You wanna blog or speak, that's fantastic, you don't wanna blog or speak, also fine. People may have busy work lives, or busy personal lives, and might have no time, energy or interest to blog or whatever else in their spare time, or might simply have different goals in life.

Let everyone decide for themselves what they want or don't want to do - let's stop assuming that we ought to be like this or do like that, just because we're "devs".

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adiatiayu profile image
Ayu Adiati Author

I think when someone mention that other "should" do A or B, because they personally gain benefit from what they do and enjoy it. They recommend and encourage others to do the same to give them similar chance.

But you're also right that maybe others have different goals and want to do other activities in their spare time.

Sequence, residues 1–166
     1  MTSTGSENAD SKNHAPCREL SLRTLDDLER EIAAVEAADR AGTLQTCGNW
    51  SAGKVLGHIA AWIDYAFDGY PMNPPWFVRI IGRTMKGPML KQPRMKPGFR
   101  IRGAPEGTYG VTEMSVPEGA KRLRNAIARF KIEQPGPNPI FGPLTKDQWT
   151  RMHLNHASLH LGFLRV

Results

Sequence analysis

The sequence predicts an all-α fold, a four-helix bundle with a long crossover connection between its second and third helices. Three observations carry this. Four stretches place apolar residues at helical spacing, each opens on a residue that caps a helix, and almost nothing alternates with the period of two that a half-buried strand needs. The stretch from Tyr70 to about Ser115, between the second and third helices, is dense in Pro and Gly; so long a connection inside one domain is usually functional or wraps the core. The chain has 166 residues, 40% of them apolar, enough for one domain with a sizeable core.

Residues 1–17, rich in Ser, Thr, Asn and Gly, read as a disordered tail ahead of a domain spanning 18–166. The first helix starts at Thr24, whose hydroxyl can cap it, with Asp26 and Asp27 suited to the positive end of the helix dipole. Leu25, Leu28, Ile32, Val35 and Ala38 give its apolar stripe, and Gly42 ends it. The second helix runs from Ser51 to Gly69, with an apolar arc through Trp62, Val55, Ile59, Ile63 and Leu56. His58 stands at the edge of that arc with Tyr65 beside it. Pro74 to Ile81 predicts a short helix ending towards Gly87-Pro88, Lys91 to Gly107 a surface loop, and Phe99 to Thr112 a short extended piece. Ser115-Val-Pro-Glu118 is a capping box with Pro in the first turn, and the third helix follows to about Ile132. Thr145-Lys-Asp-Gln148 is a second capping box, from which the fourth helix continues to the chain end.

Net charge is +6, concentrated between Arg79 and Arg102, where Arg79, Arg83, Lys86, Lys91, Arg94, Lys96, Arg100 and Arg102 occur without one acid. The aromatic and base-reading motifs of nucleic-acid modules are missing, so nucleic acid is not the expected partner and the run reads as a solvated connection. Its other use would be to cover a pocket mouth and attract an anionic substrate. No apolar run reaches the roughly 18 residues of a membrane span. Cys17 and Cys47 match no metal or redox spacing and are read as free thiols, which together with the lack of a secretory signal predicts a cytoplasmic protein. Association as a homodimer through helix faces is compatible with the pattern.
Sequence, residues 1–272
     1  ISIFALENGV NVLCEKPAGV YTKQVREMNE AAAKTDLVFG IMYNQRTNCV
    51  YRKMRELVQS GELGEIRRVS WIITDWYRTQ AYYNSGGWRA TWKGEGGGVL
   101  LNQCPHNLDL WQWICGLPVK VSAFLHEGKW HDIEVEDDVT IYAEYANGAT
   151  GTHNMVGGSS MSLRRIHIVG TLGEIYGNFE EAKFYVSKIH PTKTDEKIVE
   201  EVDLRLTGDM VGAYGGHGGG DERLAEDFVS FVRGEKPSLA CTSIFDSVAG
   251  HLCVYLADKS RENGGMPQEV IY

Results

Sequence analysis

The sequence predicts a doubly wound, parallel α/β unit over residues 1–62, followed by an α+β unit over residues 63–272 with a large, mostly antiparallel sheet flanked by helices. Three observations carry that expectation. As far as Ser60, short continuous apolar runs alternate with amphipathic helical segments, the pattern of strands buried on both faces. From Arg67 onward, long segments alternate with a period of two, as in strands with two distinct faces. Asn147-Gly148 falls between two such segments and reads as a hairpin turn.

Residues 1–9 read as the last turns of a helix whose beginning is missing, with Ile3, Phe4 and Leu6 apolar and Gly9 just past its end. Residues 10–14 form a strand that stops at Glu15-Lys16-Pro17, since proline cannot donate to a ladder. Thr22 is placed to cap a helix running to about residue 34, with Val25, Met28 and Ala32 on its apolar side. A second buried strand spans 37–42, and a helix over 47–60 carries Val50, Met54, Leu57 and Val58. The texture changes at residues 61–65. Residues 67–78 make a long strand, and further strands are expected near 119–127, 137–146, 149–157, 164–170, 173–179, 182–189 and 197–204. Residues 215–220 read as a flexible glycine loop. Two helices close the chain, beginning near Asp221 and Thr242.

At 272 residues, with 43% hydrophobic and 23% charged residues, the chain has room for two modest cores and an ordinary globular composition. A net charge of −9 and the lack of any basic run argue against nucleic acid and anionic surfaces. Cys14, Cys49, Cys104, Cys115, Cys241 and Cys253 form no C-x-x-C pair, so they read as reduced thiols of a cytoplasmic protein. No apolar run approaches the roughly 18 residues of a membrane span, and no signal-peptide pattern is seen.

At the end, it depends on themselves πŸ™‚

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leob profile image
leob

Well, it's about the way it's often phrased - typically (I've encountered this at least half a dozen times) the title goes like:

"Why EVERY developer SHOULD ..." (capitalization mine)

That's what I take issue with ... who is the author to declare what "every" developer "should" do? I'd say, speak for yourself, do explain what you think is great about it, and then I'll decide for myself πŸ™‚

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jarvisscript profile image
Chris Jarvis

Developers should do something to put themselves out in public. It will help them learn and could help them in a job search.
I'm an introvert so writing is a better way for me to put myself out there. I'm currently looking for a role and hope my writings will show my communication skills and give me more to talk about in an interview.

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adiatiayu profile image
Ayu Adiati Author

Make sense!